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HMS REGENT, Missing WWII Submarine, FOUND AFTER 80 YEARS

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A British submarine that went missing during World War II is believed to have been found, solving a nearly 80-year-old mystery.

On April 18, 1943, an explosion was heard offshore near Monopoli on the Adriatic coast of Italy, and HMS Regent was never seen again.

Four bodies, clad in the Davis escape gear used by British submariners, washed ashore in the following weeks.

But the bodies were never identified and the wreck was never found, meaning there was no closure for the families of the 62 crew.

Hopes were dashed in 2003, when an Italian submarine wreck near Barletta, some 70 miles north of Monopoli, was misidentified as the Regent.

But now experts think they have something real, with divers assisted by the Italian Naval League (LNI), a government body, claiming to have found the wreck off the coast near Villanova di Ostuni, some 19 miles from Monopoli. .

The discovery is expected to bring closure to the families of the fallen.

For the family of William Trice, the chief architect of the Regent’s engine room, the trauma of their loss reverberates through the generations.

William’s son, Barry, spent years investigating the Regent’s disappearance before his death in 2003, and his grandson, Dick, continues that investigation today.

Even after 80 years, the loss still looms large in the family’s mind.

Mr. Trice’s daughter Abbie, William’s great-granddaughter, has a tattoo of the Regent on her arm and now serves aboard a minesweeper in the Royal Australian Navy.

Reacting to the news of the submarine’s discovery, Trice said the location of the wreck “aligns perfectly” with what is known about the final movements of the ship.

A British submarine that went missing during World War II is believed to have been found, solving a nearly 80-year-old mystery.  On April 18, 1943, an explosion was heard offshore near Monopoli on the Adriatic coast of Italy, and HMS Regent (pictured) was never seen again.

A British submarine that went missing during World War II is believed to have been found, solving a nearly 80-year-old mystery. On April 18, 1943, an explosion was heard offshore near Monopoli on the Adriatic coast of Italy, and HMS Regent (pictured) was never seen again.

For the family of William Trice, the chief architect of the Regent's engine room, the trauma of their loss reverberates through the generations.  Above: William Trice with his son Barry and his wife Winifred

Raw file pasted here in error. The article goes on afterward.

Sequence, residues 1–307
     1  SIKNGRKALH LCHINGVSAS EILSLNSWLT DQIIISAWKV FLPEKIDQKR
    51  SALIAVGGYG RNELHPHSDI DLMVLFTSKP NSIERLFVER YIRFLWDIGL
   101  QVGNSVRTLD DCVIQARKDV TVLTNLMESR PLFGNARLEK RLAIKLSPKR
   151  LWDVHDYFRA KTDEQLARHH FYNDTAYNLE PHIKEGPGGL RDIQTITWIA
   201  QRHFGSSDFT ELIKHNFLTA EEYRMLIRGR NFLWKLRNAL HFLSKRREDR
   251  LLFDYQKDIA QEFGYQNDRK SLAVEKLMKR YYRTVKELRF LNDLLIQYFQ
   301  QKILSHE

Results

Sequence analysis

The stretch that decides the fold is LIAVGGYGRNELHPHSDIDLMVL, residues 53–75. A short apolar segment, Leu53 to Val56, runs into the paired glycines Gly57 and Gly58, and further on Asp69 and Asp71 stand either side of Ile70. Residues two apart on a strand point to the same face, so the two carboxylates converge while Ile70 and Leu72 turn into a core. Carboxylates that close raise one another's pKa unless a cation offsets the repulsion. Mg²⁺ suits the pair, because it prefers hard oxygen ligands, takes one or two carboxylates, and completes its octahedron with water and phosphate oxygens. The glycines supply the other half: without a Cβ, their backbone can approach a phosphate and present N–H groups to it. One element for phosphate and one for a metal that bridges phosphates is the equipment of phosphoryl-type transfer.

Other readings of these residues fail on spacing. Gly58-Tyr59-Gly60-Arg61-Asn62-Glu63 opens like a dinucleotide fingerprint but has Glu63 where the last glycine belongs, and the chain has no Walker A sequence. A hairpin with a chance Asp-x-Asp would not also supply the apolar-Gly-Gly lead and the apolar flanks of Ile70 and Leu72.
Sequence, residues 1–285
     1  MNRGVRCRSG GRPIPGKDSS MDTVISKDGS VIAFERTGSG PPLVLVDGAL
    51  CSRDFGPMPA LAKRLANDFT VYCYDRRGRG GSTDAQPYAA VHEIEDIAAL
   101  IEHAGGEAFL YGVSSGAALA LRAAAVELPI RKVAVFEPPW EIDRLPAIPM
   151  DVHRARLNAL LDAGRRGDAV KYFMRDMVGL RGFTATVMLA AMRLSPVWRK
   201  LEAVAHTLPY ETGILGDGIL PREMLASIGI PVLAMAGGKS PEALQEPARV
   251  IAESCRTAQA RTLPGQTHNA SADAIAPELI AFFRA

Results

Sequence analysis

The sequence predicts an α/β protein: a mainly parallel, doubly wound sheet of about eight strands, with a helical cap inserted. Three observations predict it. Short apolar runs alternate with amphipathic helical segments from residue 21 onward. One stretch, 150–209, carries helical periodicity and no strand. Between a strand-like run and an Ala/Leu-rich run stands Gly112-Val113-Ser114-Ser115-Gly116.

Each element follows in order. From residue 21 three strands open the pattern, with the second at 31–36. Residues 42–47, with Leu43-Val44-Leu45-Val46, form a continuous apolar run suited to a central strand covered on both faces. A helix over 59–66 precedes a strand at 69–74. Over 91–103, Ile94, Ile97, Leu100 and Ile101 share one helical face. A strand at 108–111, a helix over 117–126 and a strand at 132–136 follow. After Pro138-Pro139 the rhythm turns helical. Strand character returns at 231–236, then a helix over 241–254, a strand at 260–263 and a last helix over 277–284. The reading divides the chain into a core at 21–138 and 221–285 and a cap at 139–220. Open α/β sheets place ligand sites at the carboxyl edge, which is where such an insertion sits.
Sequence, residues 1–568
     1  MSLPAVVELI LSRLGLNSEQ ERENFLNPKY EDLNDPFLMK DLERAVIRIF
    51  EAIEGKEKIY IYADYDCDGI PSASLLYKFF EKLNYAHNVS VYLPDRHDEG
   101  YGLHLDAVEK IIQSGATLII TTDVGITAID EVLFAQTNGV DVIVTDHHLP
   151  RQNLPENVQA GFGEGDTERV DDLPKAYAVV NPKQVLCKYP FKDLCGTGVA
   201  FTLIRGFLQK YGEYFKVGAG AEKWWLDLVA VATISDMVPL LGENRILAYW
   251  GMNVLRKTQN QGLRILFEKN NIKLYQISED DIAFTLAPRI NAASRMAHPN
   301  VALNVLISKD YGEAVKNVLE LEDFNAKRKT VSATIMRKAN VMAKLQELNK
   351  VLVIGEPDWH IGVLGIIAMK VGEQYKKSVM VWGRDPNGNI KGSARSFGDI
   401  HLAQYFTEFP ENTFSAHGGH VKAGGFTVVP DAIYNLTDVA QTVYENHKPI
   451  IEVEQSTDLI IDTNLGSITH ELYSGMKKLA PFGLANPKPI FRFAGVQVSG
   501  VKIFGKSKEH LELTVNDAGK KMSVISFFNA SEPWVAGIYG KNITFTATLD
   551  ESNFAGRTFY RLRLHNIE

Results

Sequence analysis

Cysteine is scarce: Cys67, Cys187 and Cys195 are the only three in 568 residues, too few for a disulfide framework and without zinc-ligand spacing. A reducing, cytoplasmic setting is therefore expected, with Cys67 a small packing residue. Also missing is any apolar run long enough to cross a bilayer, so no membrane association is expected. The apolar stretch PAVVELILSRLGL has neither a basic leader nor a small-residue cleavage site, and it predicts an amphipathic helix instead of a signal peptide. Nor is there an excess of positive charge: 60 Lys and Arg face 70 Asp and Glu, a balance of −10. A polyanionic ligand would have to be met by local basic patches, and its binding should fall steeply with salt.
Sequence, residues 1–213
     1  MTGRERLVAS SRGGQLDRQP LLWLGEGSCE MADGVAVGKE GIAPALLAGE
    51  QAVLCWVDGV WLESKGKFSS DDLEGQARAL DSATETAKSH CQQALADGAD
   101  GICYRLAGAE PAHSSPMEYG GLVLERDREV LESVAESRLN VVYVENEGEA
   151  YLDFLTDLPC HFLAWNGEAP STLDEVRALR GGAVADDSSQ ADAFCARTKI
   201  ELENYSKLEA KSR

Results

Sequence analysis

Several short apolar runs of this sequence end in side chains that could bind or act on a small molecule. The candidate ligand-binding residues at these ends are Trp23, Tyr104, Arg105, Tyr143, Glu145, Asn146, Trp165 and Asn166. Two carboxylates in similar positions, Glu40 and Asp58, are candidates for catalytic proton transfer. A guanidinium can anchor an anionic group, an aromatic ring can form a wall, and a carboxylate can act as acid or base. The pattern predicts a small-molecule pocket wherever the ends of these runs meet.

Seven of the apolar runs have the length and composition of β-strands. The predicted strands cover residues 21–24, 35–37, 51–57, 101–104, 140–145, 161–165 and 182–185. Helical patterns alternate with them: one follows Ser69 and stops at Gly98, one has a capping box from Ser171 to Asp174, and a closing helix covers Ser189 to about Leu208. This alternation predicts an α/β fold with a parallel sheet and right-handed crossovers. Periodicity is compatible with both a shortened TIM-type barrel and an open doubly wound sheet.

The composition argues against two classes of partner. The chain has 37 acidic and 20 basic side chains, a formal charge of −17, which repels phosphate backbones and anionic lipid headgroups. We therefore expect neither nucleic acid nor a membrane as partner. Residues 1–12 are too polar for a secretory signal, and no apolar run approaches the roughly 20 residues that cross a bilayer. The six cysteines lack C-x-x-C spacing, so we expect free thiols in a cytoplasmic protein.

For the family of William Trice, the chief architect of the Regent's engine room, the trauma of their loss reverberates through the generations.  Above: William Trice with his son Barry and his wife Winifred

For the family of William Trice, the chief architect of the Regent’s engine room, the trauma of their loss reverberates through the generations. Above: William Trice with his son Barry and his wife Winifred

William's son, Barry, spent years investigating the Regent's disappearance before his death in 2003, and his grandson, Dick, continues that investigation today.  Even after 80 years, the loss still looms large in the family's mind.  Above: Mr Trice with his daughter Abbie

William's son, Barry, spent years investigating the Regent's disappearance before his death in 2003, and his grandson, Dick, continues that investigation today.  Even after 80 years, the loss still looms large in the family's mind.  Above: Mr Trice with his daughter Abbie

William’s son, Barry, spent years investigating the Regent’s disappearance before his death in 2003, and his grandson, Dick, continues that investigation today. Even after 80 years, the loss still looms large in the family’s mind. Above: Mr Trice with his daughter Abbie

Mr. Trice's daughter, Abbie, now serves aboard a minesweeper in the Royal Australian Navy.

Mr. Trice's daughter, Abbie, now serves aboard a minesweeper in the Royal Australian Navy.

Mr. Trice’s daughter, Abbie, now serves aboard a minesweeper in the Royal Australian Navy.

Abbie—William's great-granddaughter—has a Regent tattoo on her arm

Abbie—William's great-granddaughter—has a Regent tattoo on her arm

Abbie, William’s great-granddaughter, has a tattoo of the Regent on her arm.

Fabio Bisciotti, who heads the LNI’s underwater study group, said: “This wreck is 75m deep and is upside down.”

“When we got to this wreck, at first, it was hard to understand that we were talking about the Regent.